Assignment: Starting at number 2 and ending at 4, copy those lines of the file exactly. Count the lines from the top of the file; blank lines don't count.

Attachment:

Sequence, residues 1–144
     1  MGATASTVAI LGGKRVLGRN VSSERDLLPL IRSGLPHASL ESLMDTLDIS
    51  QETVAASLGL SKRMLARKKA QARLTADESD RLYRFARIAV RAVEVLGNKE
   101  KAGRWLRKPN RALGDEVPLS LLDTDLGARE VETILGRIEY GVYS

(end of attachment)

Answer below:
     1  MGATASTVAI LGGKRVLGRN VSSERDLLPL IRSGLPHASL ESLMDTLDIS
    51  QETVAASLGL SKRMLARKKA QARLTADESD RLYRFARIAV RAVEVLGNKE
   101  KAGRWLRKPN RALGDEVPLS LLDTDLGARE VETILGRIEY GVYS